Ottawa in prime position to become e-commerce hub, Broccolini exec says

Amazon warehouse
Amazon warehouse

A top Canadian real estate developer says the National Capital Region is poised to become a major retail distribution hub as online shopping surges and e-commerce giants such as Amazon zero in on sites that offer quick and easy access to Canada’s biggest markets.

Anthony Broccolini, the chief operating officer of the Montreal-based real estate firm that bears his family’s name, told a virtual audience Thursday night that the move away from traditional brick-and-mortar stores has shifted into high gear during the COVID-19 crisis. Many retail experts say the pandemic has fast-forwarded the e-commerce trend by at least five years.

His company and others have either built, started construction on or announced plans for nearly five million square feet of new warehouse and distribution space in the region within the past two years. Thursday night, Broccolini suggested there will be more such large-scale industrial projects to come in Ottawa.

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“I think you’re going to start seeing more and more of it,” he said. “The market is changing.”

During a fireside chat with Minto Group CEO Michael Waters sponsored by the Urban Lands Institute, Broccolini said “the pendulum is swinging” toward e-commerce and its just-in-time delivery model.

It’s an opportunity for developers in Ottawa, but in other markets across North America as well.

Earlier this month, Amazon announced plans to open new distribution centres in Hamilton and Ajax. And, south of the border, Amazon said it needs 100,000 additional workers to fill positions at 100 new warehouses, package-sorting centres and other facilities it’s opening this month.

But Broccolini said Ottawa has a geographic advantage, noting the capital’s location between Toronto and Montreal is a major selling point for retail distributors looking to satisfy growing demand for same-day deliveries to Canada’s largest population centres.

His family’s firm has been quick to capitalize on shifting consumer habits. The Quebec construction giant has signed deals to build several large warehouses for Amazon, both in Ottawa and the GTA.

Last year, Broccolini opened a one-million-square-foot warehouse built for the e-commerce behemoth on Boundary Road. It’s now the largest industrial building in Ottawa, but that claim to fame will soon belong to another Broccolini project ​– a five-storey, 2.8-million-square Amazon distribution centre in Barrhaven that’s under construction and slated for completion in 2021.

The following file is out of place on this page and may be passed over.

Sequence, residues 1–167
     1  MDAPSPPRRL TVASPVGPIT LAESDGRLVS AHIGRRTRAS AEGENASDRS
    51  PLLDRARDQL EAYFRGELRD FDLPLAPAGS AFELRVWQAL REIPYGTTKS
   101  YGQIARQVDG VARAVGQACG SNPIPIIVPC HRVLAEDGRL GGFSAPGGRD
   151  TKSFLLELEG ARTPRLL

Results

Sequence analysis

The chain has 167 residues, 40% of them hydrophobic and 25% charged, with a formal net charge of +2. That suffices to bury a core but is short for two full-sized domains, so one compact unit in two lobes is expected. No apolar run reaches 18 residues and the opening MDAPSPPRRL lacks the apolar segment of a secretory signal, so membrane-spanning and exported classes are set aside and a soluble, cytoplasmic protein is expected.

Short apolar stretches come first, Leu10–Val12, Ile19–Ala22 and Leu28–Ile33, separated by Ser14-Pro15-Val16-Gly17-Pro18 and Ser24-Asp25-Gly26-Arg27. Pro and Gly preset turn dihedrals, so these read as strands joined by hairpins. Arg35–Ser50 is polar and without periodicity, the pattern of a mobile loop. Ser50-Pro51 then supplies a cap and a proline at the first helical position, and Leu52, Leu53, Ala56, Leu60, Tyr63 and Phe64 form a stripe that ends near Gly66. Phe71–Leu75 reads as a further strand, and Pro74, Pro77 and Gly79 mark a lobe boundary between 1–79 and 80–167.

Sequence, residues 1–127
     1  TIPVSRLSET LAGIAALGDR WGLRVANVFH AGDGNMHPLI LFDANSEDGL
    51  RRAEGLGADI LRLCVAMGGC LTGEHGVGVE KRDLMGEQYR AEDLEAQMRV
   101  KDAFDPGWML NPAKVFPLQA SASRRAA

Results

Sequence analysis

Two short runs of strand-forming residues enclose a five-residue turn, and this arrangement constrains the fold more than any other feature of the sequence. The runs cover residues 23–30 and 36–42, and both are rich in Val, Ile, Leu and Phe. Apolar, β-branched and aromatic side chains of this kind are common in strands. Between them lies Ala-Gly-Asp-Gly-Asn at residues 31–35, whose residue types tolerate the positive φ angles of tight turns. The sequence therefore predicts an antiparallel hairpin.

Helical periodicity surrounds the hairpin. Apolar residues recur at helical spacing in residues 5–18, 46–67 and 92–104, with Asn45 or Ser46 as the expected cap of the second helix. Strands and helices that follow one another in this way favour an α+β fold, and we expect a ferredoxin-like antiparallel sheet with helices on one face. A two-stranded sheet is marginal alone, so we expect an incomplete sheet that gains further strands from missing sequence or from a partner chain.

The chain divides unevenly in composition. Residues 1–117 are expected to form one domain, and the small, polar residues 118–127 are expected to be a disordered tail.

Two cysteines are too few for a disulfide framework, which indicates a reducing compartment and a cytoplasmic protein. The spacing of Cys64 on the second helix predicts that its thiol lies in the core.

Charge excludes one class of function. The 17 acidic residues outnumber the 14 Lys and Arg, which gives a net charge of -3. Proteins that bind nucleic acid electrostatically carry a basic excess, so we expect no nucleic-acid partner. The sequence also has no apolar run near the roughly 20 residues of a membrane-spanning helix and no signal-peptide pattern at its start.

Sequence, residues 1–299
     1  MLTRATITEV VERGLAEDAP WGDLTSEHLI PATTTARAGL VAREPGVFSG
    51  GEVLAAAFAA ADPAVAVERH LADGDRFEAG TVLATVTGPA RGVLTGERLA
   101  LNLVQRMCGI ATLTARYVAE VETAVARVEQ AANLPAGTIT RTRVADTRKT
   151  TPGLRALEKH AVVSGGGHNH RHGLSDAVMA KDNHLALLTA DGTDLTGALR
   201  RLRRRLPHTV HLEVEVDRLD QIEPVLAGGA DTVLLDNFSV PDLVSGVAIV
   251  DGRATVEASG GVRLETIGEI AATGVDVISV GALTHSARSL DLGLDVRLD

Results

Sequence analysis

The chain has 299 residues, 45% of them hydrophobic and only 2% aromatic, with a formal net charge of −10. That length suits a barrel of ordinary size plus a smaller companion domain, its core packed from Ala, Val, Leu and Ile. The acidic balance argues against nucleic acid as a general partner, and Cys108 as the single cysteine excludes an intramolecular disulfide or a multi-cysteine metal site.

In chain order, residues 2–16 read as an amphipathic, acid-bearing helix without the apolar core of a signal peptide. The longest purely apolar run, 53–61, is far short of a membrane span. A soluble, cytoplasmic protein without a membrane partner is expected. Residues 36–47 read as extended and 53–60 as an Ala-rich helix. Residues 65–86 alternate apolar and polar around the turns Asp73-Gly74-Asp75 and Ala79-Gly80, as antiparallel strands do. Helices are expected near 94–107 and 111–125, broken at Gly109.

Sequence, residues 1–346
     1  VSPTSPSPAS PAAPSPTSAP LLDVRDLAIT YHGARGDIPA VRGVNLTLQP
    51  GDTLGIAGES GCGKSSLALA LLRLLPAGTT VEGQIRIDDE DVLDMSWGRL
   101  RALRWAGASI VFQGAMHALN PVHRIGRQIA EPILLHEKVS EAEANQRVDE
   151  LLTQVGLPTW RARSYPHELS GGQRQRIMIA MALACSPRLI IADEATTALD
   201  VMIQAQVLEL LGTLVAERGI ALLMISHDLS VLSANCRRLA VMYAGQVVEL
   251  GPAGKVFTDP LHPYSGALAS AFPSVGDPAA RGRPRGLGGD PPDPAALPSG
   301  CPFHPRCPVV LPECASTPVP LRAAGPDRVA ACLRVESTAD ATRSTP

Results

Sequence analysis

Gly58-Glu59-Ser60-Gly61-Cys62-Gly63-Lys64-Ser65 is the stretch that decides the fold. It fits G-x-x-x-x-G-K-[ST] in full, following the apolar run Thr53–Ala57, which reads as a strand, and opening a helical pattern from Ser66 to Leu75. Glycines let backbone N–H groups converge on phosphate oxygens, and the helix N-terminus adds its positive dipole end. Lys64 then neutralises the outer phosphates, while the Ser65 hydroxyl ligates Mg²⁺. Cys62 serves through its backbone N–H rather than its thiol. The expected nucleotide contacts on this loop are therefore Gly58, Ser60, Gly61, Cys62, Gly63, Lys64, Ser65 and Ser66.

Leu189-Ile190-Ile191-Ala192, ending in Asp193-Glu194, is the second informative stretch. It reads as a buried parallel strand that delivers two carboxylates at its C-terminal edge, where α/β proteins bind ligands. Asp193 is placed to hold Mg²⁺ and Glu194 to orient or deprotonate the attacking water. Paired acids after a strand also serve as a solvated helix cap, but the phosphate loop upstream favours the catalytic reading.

North Gower project planned

“It’s exciting, and I hope there’s many more to come,” Broccolini said of the sprawling facility in the Citigate Business Park. 

The company is also planning another 700,000-square-foot warehouse in North Gower, a project that’s now under review from the province’s Local Appeal Planning Tribunal after it was approved by council last December. 

Meanwhile, local developer Avenue31 filed plans earlier this year to construct six office and industrial buildings totalling one million square feet on 100 acres of NCC-owned land near the corner of Hunt Club Road and Highway 417.

Founded in 1949 by homebuilder Donato Broccolini – Anthony’s grandfather – Broccolini initially made its name in Montreal before expanding into Ottawa in the mid-1990s. 

Since then, the firm has spearheaded a number of high-profile commercial projects in the capital, such as the Export Development Canada building at 150 Slater St., the Alt Hotel and condo complex, also on Slater Street, and a 250,000-square-foot expansion of tech giant Ciena’s Kanata campus.

“I think people are craving to go back (to the office), but I don’t think we’re going back to the way we used to work where everyone’s in the office five days a week.”

While many real estate observers fear a spike in office vacancy rates as tenants across the city reassess their need for space in the wake of COVID-19, Broccolini said he remains optimistic about the market’s long-term prospects. 

Companies are rethinking their office requirements, he admits, but what form that takes remains to be seen.

“I don’t think you can build your business on a Zoom call,” he said. “I think people are craving to go back (to the office), but I don’t think we’re going back to the way we used to work where everyone’s in the office five days a week. We are social creatures – we like coming together.”

The hollowing-out of downtown real estate would have a catastrophic effect on local businesses such as restaurants and retailers that rely on office workers for a significant chunk of their sales, he added.

“I think it’s going to take time for the office sector to adjust,” he said. “For the greater good of the economy, we need people coming back into the downtown core.”

With COVID-19 infections on the rise in Ottawa, Montreal and other major cities, he said the construction industry is being forced to adapt on the fly to changing circumstances and evolving public health measures aimed at curbing the spread of the virus.

“(Construction) delays are certainly a concern,” Broccolini said. “Challenges happen every day on a job site. Like anything in life, it’s how you react. You plan for the worst, but you hope for the best.”

– With files from the Canadian and Associated Press

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